Today, an interview with Stefne Miller, the Indie-author of Salvaged and Rise.
GC: I've read that you began writing Salvaged after a dream, can you tell us what the dream was about, and why you knew this dream was different from all the rest?
GC: Did you use any of your teenage-experiences as part of Attie's story?
SM: Attie is very much me. She is moving into a town the summer before her senior year of high school. I did the same thing. Many of her questions for God and fears, are questions I've had or fears I've experienced. 'Rise' (the sequel) has several incidents that were actual events that happened to me my senior year. I've also completed two additional books (not related to Salvaged) and I use more of my personal stories in those books. I've lived a crazy life and experienced some great things. It's only natural that I would take advantage and give those moments to my characters.
GC: What do you hope readers, both Christian and secular, will take from Salvaged?
SM: No matter what your beliefs. No matter what your age... your sex... your background, we all experience events in life that make us question why things happen. For people of faith - those things cam make us question our faith altogether. Some of those things we bring upon ourselves and some of those things are brought on by the actions of others, yet we're left "paying the bill" for their mistakes. So, I suppose much of my message was, "you're not alone". But, if we'll push through, look for the good, and surround ourselves with people who love and support us, things can be good again. Life is worth living and it's worth enjoying. I wanted girls to walk away believing in themselves and they are worthy to be loved and they're worthy to be loved by someone who will treat them with respect. I wanted to share that experiencing suffering, making mistakes and sometimes even being total screw-ups is normal. It doesn't change the fact that we all have a purpose. And, I wanted people to walk away from Salvaged having experienced a range of emotions. I wanted them to fall in love with the friends and family in the book and I wanted them to be happy that they invested nine hours (or more) of their time in reading the story.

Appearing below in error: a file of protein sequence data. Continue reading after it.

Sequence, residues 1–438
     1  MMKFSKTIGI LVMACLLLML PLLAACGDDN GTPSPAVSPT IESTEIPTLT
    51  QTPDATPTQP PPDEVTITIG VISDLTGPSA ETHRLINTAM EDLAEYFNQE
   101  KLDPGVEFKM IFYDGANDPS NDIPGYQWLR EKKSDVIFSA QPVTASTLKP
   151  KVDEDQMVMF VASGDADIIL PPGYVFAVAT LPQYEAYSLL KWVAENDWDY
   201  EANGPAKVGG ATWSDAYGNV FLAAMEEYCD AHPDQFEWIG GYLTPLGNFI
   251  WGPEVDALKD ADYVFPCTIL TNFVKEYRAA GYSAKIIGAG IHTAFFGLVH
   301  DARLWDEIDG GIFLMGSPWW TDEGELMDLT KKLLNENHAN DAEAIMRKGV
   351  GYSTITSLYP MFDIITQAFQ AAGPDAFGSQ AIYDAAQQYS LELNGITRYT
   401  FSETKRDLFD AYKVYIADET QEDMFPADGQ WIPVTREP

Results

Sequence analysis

GC: What was the road to publication like for you?
SM: It was a difficult one. I couldn't find an agent. Agents don't tell you why they turn you down, so I'm not sure. I'm sure that part of it was my inability to write a good query. I find the process very difficult. I also believe that the book walks the line. It's almost too "secular" to be considered "Christian" and too "Christian" to be considered "secular". But, I knew from my beta readers that this was a story that people loved. I knew that it had an important message to it. So, I kept trying and ended up going with a small publisher named, Tate Publishing. Going with this indie publisher means that I have zero marketing. No help in getting word - which stinks. But, it feels good to know that every book that has sold, has sold because someone told someone else about it and shared their love of the story. I've received numerous letters from readers who have passed the book on to ten or more people. You can't beat that kind of love. The same company published the sequel and has a contract on my third novel.
GC: What's next for you as an author?
SM: I received copies of the sequel to Salvaged, Rise, the first week of April. I've personally sold five hundred copies. It releases nationally (in stores and on Amazon, etc) on June 21st. I will always sell signed copies of my books on my website (and usually for much less than stores and Amazon). In January or February of 2012, my third novel, Collision will be out. It is general YA fiction. I've also completed a fourth novel, Brave, which I have yet to submit for publication. I'm going to wait to see how the first three books do before I pursue publishing anything further. I'm currently writing a fifth novel, titled Gifted.